I was asked to design a logo for the Society for Commercial Archeology's upcoming conference in Arkansas, Odyssey in the Ozarks, and I asked "what kind of imagery do you want to use, hillbillies drinking moonshine?" The overwhelming response via email was a collective "NO!"
Fresh off a spring break trip to the Appalachians where I stayed in Asheville's Mountaineer Inn, which features a 40-foot high neon hillbilly complete with bare feet, corn cob pipe, and rifle, I was surprised at the conviction of my client's wishes. At the Asheville motel the hillbilly stereotype is celebrated in the motel's office and throughout the rooms; in fact the young clerk was more than happy to tell me about how he knew moonshiners who still practiced their illicit trade.
I wondered about the paradox of how the hillbilly stereotype could at the same time be offensive on one hand, yet embraced in enormous neon on the other. I realized that I had mixed feelings about the term myself, as my father's family had left the mountains of Appalachia to find work in the auto industry in Michigan, traveling the "hillbilly highway" back and forth between their mountain homes and their Detroit factory jobs. My dad, plucked from rural Rabun County, Georgia right before high school, soon found himself in Pontiac, Michigan in what must have been to him a strange new world. Eventually he found his way to Michigan State University where he met my mom, a native Michigander, and they stayed up north until I was 18 months old before relocating to Florida. Some of my father's brothers and sisters stayed in Michigan and some moved back to the mountains. As a result, I grew up knowing two families that had very different cultural backgrounds, one Midwestern, one Appalachian.
As a kid, my dad's family in the mountains always seemed more mysterious than my Michigan relatives. They talked funny, grew their own vegetables, and went to churches that prohibited drinking. Just driving up the steep roads to their homes was an adventure for a flatlander like myself. When I was young, I saw my mountain relatives as hillbillies in the negative sense of the word; simple, primitive and unsophisticated.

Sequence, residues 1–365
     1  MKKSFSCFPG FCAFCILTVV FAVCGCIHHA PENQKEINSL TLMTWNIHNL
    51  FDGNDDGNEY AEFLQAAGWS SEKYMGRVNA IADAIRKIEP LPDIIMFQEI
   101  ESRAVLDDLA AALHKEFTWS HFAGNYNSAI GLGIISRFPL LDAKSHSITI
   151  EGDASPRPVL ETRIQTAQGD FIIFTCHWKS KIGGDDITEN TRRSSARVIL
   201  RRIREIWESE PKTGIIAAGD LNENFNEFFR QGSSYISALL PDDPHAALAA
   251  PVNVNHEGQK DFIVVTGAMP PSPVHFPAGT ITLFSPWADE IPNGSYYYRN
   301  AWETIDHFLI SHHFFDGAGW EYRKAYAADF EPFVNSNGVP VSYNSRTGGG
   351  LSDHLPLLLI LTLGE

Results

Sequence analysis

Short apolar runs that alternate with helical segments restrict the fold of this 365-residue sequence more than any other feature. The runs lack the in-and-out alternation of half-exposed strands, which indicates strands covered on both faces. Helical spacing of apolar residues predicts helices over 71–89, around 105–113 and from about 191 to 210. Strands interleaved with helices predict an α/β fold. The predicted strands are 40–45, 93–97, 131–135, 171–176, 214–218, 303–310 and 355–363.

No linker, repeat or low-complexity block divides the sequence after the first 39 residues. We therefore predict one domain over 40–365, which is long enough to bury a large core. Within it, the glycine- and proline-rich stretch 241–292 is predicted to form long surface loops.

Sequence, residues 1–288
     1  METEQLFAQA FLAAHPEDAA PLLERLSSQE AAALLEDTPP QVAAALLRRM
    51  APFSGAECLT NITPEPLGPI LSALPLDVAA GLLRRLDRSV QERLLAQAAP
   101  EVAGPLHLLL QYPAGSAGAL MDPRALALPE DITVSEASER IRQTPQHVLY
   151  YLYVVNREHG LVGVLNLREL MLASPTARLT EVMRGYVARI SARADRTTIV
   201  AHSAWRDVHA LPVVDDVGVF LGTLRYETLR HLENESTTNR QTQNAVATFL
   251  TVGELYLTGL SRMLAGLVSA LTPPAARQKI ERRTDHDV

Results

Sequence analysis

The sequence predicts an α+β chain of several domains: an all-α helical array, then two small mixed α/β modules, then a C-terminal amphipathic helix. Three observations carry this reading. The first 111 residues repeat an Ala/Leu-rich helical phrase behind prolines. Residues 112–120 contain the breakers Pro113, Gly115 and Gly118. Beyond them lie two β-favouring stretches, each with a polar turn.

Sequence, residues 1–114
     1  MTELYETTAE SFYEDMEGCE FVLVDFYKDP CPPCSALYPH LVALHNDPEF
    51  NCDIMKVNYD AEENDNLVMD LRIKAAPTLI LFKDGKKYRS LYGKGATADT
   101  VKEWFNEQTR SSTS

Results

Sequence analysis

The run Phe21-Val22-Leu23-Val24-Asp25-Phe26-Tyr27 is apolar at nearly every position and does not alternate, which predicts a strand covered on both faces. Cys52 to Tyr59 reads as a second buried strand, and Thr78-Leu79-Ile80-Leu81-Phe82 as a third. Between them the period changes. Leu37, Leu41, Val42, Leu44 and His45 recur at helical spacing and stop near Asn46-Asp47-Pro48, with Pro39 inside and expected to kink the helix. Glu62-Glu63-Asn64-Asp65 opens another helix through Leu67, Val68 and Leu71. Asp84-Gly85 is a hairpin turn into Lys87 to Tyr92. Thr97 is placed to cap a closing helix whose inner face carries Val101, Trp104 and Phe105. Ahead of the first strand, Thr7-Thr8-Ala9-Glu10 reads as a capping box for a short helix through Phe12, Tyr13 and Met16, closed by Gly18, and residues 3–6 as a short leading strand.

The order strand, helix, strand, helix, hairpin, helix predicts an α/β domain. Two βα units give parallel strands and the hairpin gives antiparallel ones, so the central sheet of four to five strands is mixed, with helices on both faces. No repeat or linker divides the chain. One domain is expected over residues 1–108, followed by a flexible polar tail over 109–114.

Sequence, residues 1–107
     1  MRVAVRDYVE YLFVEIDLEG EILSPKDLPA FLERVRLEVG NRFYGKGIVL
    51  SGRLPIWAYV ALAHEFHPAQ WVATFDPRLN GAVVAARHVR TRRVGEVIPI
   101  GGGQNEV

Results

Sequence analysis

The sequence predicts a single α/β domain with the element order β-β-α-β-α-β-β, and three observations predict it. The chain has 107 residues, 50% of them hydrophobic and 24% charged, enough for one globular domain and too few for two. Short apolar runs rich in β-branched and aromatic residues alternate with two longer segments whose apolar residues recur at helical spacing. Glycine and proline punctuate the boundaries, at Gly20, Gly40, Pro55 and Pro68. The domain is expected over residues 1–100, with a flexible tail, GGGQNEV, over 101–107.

As I grew older, however, I found that these folks were some of the kindest, generous and most loving people I have ever met. I see them now as hard working, industrious, warm and sincere. I guess I needed a little maturity to get over my own naive bias. And while my mother's childhood is well documented; she even has self-published a book on growing up in a small mid-western town; my father's childhood still seems mysteriously fascinating to me.
Intrigued by the paradox of the hillbilly stereotype and my own history with the term, I decided to present a paper on the subject at the aforementioned SCA conference. While preparing the paper, I have had great help from my roadside friends, even Debra Jane Selzer, the amazing creator of roadsidearchitecture.com, has been collecting images for me on her latest roadtrip. Friends on Flickr have offered to let me borrow their images. And I'm headed to visit one of my favorite authors of the roadside South, Tim Hollis, author of books like Dixie before Disney and the Land of the Smokies.
After visiting Tim's museum in Birmingham, I head to Gatlinburg and its many hillbilly-themed tourist traps. From there I'll cross the Smokies into Rabun County to see my North Georgia kin. My goal is to post updates from the road, ala Debra Jane, but that will all depend upon the quality of the wireless connection and my commitment level once I actually get out there.